metal ion across the plasma membrane of root cells (Welch 1995 ) . However, the
exact nature of the membrane transporters that control the in fl ux across the plasma
membrane into the cytoplasm is not yet known.
2.3 Plant Mechanisms for Metal Detoxi fi cation
Although micronutrients such as Zn, Mn, Ni, and Cu are essential for plant growth
and development, high intracellular concentrations of these ions can be toxic. To
deal with this potential stress, common non-accumulator plants have evolved sev-
eral mechanisms to control the intracellular homeostasis of ions (Lasat 2002 ; Seth
et al. 2007 ) . One such mechanism is to regulate ion in fl ux. This involves stimulating
transporter activity at a low level of intracellular ion supply, and inhibiting activity
at high concentrations, or extruding ions from the cell interior to the external solu-
tion (Pollard et al. 2002 ) . Metal hyperaccumulator species are capable of accumu-
lating metals up to multiple thousands of ppm, and are equipped with detoxi fi cation
mechanisms to address metal-induced stress. Ni(II) for example is sequestered by
bonding with organic sulfur (R-SH) on the cysteine residues of peptides (Meagher
2000 ) . Sequestration of Zn into shoot vacuoles has also been suggested to enhance
tolerance in the Zn-hyperaccumulator plant Thlaspi caerulescens (Lasat et al. 2000 ) .
Several mechanisms have been proposed to account for Zn inactivation in vacuoles,
including precipitation as Zn-phytate (Van Steveninck et al. 1990 ) and binding to
low molecular weight organic acids (Salt 1999 ) . Cadmium, a potentially toxic metal,
also accumulates in plants, where it is detoxi fi ed by binding to phytochelatins (PC)
(Vogeli-Lange and Wagner 1990 ; Salt and Rauser 1995 ) , a family of thiol (SH)-rich
peptides (Grill et al. 1987 ) . Similarly, metallothionein (MT) compounds (proteins)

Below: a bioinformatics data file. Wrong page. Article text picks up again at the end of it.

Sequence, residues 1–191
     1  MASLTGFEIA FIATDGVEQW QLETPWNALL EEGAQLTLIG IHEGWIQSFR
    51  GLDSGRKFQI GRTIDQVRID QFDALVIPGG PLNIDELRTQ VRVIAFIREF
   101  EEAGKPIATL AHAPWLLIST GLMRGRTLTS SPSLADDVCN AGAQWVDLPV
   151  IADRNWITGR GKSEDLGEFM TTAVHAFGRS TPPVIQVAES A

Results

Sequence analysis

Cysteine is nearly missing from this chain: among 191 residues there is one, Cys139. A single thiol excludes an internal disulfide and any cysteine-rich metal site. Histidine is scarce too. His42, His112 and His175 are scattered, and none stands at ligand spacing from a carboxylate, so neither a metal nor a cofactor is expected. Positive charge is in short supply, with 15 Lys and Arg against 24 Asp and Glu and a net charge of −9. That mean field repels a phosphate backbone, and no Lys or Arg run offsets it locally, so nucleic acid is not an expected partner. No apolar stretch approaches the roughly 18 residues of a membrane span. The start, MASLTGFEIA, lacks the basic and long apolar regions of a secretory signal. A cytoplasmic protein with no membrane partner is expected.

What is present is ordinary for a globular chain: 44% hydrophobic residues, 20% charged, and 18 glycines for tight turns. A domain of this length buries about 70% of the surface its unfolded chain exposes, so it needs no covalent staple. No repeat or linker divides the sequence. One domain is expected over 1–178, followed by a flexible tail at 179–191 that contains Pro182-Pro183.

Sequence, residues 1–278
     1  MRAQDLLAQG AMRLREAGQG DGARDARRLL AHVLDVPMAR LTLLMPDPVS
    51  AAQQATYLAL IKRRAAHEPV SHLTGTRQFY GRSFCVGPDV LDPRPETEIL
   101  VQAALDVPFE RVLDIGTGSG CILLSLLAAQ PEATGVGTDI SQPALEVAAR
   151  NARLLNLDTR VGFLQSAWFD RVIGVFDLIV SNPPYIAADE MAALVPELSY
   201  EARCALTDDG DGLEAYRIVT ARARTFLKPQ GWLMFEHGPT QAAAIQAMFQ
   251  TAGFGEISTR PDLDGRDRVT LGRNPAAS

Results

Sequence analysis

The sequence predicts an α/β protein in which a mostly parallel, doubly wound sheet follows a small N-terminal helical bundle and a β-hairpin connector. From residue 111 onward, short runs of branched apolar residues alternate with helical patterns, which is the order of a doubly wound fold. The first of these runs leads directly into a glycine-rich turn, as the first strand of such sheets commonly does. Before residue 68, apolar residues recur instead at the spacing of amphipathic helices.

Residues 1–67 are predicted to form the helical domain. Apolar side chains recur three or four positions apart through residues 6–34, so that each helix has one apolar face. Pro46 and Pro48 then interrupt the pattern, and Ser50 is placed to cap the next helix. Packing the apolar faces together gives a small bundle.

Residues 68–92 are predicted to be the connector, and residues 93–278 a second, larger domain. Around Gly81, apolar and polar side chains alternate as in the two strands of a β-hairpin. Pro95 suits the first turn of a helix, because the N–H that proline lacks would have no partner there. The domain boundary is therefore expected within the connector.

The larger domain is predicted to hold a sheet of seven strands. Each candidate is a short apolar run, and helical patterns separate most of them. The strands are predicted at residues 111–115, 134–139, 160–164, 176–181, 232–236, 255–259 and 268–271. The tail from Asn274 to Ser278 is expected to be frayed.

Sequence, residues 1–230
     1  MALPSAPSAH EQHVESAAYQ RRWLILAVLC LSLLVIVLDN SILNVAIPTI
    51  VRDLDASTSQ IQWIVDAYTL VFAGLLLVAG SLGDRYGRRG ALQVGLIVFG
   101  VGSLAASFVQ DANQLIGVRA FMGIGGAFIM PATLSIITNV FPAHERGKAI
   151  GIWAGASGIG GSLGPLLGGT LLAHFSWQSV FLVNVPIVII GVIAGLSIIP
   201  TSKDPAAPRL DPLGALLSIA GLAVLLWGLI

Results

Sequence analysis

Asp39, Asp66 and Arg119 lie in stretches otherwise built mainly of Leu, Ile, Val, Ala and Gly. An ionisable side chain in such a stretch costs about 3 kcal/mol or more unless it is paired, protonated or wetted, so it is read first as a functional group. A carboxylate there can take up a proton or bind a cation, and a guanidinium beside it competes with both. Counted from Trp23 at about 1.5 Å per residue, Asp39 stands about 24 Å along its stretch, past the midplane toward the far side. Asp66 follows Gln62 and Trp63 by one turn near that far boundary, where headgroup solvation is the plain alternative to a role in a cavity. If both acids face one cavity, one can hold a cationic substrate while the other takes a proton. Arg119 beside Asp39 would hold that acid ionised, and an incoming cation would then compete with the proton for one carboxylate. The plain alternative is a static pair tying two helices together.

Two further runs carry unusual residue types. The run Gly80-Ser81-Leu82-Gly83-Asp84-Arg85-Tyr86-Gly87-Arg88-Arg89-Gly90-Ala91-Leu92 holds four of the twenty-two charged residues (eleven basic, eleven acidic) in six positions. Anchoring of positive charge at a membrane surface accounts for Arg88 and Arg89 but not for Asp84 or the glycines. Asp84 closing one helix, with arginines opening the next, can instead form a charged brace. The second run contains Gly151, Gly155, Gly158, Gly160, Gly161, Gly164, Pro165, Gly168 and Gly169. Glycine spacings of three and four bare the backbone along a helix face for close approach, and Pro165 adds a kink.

have heavy metal-binding properties (Tomsett and Thurman 1988 ) and exist in
numerous animals, and more recently, have been found in several plant and bacterial
species (Kagi 1991 ) . After the PC structures were elucidated, these peptides were
found to be widely distributed in the plant kingdom, and were proposed to be func-
tional equivalents of MTs (Grill et al. 1987 ) . The role of PCs and MTs in metal
detoxi fi cation has been well documented by Cobbett ( 2000 ) . Apart from PCs, plants
have also developed good tolerance mechanisms against the oxidative stress induced
by heavy-metal exposure (Dat et al. 2000 ; Mishra et al. 2006 ) .
Aerobic organisms are frequently exposed to ROS (reactive oxygen species).
ROS is a generic term embracing not only free radicals, such as superoxide and
hydroxyl radicals, but also H
and singlet oxygen. These incompletely reduced
oxygen species are toxic by-products, generated at low levels even in non-stressed
plant cells within the chloroplasts and mitochondria during the redox reactions of
40 H.I. Tak et al.
photosynthetic electron transport and respiration. Stressful conditions generate
more ROS; such stress may be from pathogen attacks, herbivore feeding, or expo-
sures to UV light, heavy metals, or other substances (Diaz et al. 2001 ) . Heavy-metal
induced stress is often associated with degenerative reactions that are primarily
associated with ROS; it is well known that their production in plant cells must be
minimized to limit the effects of their high reactivity (Noctor and Foyer 1998 ) .
Toxicity generated by both O
and H
is presumed to result from their ability to
initiate reaction cascades that produce hydroxyl radicals capable of causing lipid
peroxidation, protein denaturation, and DNA mutations. ROS may also damage the
pigment system and the chlorophyll (Schutzendubel and Polle 2002 ; Sudo et al.
2008 ) . Notwithstanding, nature has equipped plants with active antioxidant systems,
which scavenge the toxicity generated by ROS (Cobbett 2000 ; Hou et al. 2007 ;
Skorzynska-Polit et al. 2010 ) . Such scavenging occurs by the synchronous action of